Take for example when Zhao and Iroh agree to meet aboard Iroh's ship. There, Zhao tells the crew as to the reason Prince Zuko has been banished. A more rational and logical writer would have realized such exposition would make no sense: wouldn't the troops in the Fire Nation already have known all of this? Unfortunately, Shyamalan repeats this storytelling method more than once, and The Last Airbender is rife with endless scenes which are really nothing more than excuses to tell us the background as to what is going on. If that weren't bad enough, we have Katara give us three or four voice-overs telling us either what has come before, what is going on now even though we can see it and even what will come in the future, such as when she tells us that Sokka and Northern Water Princess Yue (Seychelle Gabriel) will 'become good friends' although we already know they will fall in love). Shyamalan in short, simply doesn't trust his audience (even those well versed in Avatar: The Last Airbender) to either keep up with his screenplay or to understand what they are seeing.

Perhaps that could be forgiven; no, it can't be. However, Shyamalan makes this worse by showing us what we already know after we've been told. Take same 'Prince Zuko banished' story. So all right, we were told the whole story in the banquet scene aboard Zuko's ship. However, Shyamalan decided to show us the banishment some time later. Why not combine both to save time and not have to repeat ourselves? Somehow, that never occurred to him, because he does this again and again. Not only does that serve only to lengthen the story, but it eats up time that could have been better spent showing how Aang learned to bend water or develop other aspects in The Last Airbender that had to be rushed almost to not being there (such as the romance between Sokka and Yue, which never felt real since we never really saw them spend any time together).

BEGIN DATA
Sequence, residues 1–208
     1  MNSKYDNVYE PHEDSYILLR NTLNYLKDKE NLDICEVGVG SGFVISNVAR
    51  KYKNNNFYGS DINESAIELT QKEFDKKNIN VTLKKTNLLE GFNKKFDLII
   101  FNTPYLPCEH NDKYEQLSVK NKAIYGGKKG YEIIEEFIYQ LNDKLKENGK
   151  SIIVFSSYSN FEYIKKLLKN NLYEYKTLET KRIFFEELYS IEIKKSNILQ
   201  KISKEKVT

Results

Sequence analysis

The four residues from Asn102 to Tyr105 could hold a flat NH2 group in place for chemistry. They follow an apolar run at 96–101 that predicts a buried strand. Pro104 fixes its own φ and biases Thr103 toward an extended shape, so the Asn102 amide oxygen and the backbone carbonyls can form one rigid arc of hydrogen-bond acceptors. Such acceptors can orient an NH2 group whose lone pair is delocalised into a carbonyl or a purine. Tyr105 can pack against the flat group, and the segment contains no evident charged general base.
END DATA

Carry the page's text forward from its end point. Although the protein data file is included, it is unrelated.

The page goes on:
Shyamalan also appeared to have lost any ability to direct his actors, for the performances bar none were either wildly over the top or thorougly lifeless. I can see how Sokka and Katara would be from the South Pole, since both of them appeared frozen and stiff in their performances. This may be the second time that Rathbone plays a dead person (we need remember he also plays Jasper in the equally dreadful Twilight films, excuse me, Twilight SAGA films), and the fact that he is dreadful in two film franchises should be a sign that Rathbone is not an actor no matter how generous the definition of the word has become.

Ringer's Aang is also lifeless and joyless, and few performances of the title character have been so dull and comical in the wrong way. When he is called upon to react with horror and pain at the discovery that his fellow Air Nomads have been killed en masse, the reaction from the viewer is not sadness but laughter at how awful he is. It could be hoped that Dev Patel will be able to find roles that will return him to Slumdog Millionaire territory than The Last Airbender. His Zuko has no real personality but comes off not as nothing more than a whiny kid with daddy issues: an Episode One Anakin Skywalker without the personality. As with everyone else in the film, his motives and whatever internal conflict he had either had to be told to us via exposition or was non-existence.